Federal Lawsuit To
Save Wild Horses From Planned Extinction
June 23, 2012: A federal lawsuit filed in September 2011 challenges the legality of a helicopter roundup and asks the court to return the captured horses to a bigger, sustainable range.
The September 2011 Telluride screening of the film “Wild Horses & Renegades” by James Anaquad-Kleinert sparked a groundswell of outrage and activism. Since then, a well-organized group of over 30 volunteers has pooled their efforts in support of Kleinert’s mission to expose the BLM’s mismanagement of wild horses and public lands, and to assert political and legal pressure on the BLM to treat wild horses in a humane and environmentally responsible manner.
Two weeks following the screening, the BLM held a helicopter roundup of wild horses in Disappointment Valley, near Telluride. These very horses, and the violence of a previous 2007 helicopter roundup, were featured in Kleinert’s film. The Telluride community became ignited. Unprecedented numbers attended the 2011 roundup, and they experienced first-hand the BLM’s cruelty and illegal conduct.
Incredibly, the Telluride volunteers have saved every single one of the unadopted wild horses to survive the 2011 Disappointment Valley roundup. Volunteers raised $25,000 and arranged for the transportation and board of 27 horses through the winter, sparing the horses years of feedlot-style captivity, or worse, slaughter in unimaginably inhumane conditions in Mexico.
The film also generated a federal lawsuit (Kleinert v. Salazar), challenging the recent Disappointment Valley helicopter roundup based on violations of the 1971 Free Roaming Wild Horse & Burro Act, the National Environmental Policy Act (NEPA), and the U.S. Constitution.
The legal strategy focuses on staying in court post-roundup. Federal lawsuits against the BLM under the 1971 Wild Horse Act are rare and recent, and this area of the law is literally developing by the day. Most lawsuits are dismissed for lack of standing and mootness. The Kleinert case is unique and should withstand dismissal. This is because the volunteer group is able to return captured horses back to the larger range they inhabited 1971, so the herd can repopulate to a higher, genetically sustainable size. Since the captured Disappointment horses can in fact be returned to the range thanks to community support, the court can grant this relief, which means the case should withstand dismissal and the plaintiffs can stay in court post-roundup.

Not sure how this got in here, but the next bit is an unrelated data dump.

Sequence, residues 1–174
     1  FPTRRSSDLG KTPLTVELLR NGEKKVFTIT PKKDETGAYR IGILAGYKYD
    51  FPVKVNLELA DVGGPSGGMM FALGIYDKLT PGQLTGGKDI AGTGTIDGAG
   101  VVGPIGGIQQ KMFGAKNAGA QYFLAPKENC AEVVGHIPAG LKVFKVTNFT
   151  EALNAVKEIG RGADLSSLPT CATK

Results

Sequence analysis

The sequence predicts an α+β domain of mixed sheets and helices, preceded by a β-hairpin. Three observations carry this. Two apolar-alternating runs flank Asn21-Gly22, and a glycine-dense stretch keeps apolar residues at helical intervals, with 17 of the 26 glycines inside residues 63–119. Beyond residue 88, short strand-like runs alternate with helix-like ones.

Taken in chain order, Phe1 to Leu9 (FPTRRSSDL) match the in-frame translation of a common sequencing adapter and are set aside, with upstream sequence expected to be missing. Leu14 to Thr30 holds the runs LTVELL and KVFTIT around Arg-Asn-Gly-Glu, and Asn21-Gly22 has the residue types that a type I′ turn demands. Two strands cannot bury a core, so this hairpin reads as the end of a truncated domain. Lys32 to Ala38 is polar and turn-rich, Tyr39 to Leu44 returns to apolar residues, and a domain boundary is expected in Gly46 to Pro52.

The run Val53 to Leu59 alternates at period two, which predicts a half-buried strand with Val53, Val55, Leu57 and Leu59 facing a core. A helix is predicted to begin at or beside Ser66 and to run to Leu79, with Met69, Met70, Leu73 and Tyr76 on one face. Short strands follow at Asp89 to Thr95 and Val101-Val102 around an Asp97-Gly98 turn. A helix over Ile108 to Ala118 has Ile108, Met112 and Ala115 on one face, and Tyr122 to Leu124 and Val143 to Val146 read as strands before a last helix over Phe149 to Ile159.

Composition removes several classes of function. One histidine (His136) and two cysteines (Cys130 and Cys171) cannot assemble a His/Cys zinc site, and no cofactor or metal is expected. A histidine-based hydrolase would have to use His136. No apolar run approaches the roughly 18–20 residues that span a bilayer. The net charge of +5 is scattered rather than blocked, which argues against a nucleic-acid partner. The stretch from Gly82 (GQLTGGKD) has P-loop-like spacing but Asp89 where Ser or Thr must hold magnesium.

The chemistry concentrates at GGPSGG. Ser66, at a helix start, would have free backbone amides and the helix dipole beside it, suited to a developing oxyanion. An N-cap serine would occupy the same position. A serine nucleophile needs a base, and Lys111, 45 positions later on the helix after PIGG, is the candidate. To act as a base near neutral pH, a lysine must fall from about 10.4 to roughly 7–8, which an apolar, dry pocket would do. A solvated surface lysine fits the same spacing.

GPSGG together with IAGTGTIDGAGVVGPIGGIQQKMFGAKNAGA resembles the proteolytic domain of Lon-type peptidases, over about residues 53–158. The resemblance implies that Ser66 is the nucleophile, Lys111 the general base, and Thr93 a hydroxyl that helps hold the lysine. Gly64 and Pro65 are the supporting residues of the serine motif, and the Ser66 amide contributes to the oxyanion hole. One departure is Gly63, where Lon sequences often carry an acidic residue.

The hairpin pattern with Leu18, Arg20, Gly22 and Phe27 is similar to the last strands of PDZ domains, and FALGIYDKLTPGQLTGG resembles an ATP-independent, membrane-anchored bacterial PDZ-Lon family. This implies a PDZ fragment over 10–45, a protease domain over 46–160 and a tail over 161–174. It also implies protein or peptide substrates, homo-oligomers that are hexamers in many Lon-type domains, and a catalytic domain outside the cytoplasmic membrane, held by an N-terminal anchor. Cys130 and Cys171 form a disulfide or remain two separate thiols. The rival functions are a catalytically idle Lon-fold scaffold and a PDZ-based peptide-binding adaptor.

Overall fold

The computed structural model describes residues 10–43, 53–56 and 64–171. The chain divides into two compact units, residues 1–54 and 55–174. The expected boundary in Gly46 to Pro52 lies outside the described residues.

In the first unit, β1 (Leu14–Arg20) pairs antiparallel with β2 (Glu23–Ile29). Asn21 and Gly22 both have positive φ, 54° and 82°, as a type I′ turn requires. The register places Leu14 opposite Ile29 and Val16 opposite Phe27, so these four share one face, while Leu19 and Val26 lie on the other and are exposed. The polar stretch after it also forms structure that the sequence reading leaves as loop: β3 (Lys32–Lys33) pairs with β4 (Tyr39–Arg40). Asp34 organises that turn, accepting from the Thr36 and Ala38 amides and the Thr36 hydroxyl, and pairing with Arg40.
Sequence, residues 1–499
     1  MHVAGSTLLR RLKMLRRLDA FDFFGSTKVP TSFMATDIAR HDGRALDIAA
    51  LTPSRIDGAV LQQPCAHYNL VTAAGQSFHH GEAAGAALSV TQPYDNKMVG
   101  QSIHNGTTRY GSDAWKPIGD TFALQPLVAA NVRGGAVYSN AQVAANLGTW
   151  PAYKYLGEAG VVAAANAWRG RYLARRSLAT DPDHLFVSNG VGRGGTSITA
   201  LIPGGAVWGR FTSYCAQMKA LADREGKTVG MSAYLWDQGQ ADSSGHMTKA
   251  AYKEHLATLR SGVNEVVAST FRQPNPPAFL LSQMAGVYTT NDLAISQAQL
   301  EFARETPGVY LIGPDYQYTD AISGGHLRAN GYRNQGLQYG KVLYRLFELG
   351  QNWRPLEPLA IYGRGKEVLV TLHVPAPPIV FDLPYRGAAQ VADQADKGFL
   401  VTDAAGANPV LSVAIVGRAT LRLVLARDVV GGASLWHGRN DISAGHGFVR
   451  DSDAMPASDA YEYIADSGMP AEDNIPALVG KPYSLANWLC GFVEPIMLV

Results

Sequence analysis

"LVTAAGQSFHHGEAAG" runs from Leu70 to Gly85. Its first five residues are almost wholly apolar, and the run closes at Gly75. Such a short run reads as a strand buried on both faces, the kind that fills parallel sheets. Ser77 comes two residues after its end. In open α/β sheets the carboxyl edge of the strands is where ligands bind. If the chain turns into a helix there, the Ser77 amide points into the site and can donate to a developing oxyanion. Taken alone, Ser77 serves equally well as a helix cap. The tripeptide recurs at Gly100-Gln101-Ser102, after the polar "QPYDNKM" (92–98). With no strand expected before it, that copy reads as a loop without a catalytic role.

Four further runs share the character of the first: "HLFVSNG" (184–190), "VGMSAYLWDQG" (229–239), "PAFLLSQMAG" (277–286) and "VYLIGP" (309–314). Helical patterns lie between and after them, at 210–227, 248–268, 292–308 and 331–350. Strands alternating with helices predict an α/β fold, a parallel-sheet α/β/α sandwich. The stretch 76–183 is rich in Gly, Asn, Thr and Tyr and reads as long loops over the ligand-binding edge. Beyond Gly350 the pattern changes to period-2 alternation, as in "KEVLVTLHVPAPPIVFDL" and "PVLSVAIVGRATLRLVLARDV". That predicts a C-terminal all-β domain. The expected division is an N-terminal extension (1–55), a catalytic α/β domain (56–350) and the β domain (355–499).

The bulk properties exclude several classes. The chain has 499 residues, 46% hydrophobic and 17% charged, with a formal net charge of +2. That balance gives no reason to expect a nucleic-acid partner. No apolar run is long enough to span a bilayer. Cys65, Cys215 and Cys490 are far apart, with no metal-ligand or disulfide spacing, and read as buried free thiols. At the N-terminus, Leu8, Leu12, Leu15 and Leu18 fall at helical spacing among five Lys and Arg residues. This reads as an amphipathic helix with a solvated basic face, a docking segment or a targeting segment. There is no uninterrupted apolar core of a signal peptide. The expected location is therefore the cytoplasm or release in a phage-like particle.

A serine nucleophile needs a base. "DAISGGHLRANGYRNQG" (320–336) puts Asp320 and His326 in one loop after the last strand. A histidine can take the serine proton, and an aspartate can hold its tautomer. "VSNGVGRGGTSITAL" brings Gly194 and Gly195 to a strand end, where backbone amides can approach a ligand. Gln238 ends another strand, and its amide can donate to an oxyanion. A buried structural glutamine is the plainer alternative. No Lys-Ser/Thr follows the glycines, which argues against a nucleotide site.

This will be a rare opportunity to create new law. It could be a game changer for the American wild horse and its advocates.
We Need Your Support
Kleinert is asking for financial support to build on the progress made so far. Kleinert is completing the film “Wild Horses & Renegades” for final release and distribution. This powerful movie is an extraordinary media tool for raising public awareness of BLM mismanagement of wild horses and our public lands. Kleinert’s costs to release the film are about $75,000. Additionally, legal costs for the federal lawsuit are expected to be in the range of $50,000 to $75,000.
To donate online towards film release expenses, please click on the PayPal donation button below.
To donate towards legal costs, please send a check to:
Law Office of Diane Wolfson
560 Mountain Village Blvd., 102A
Mountain Village, CO 81435
We are currently seeking funding for James Anaquad Kleinert first Amendment case against the BLM. Harvard Graduate Raymond Vesvari expresses his interest in taking the case and it’s incredible potential.
We are seeking funding for this important 1st Amendment case or support from a pro-bono constitutional rights attorney.
Thank you very much for your time and consideration in helping to protect and uphold America’s Constitutional Rights.
– James Anaquad Kleinert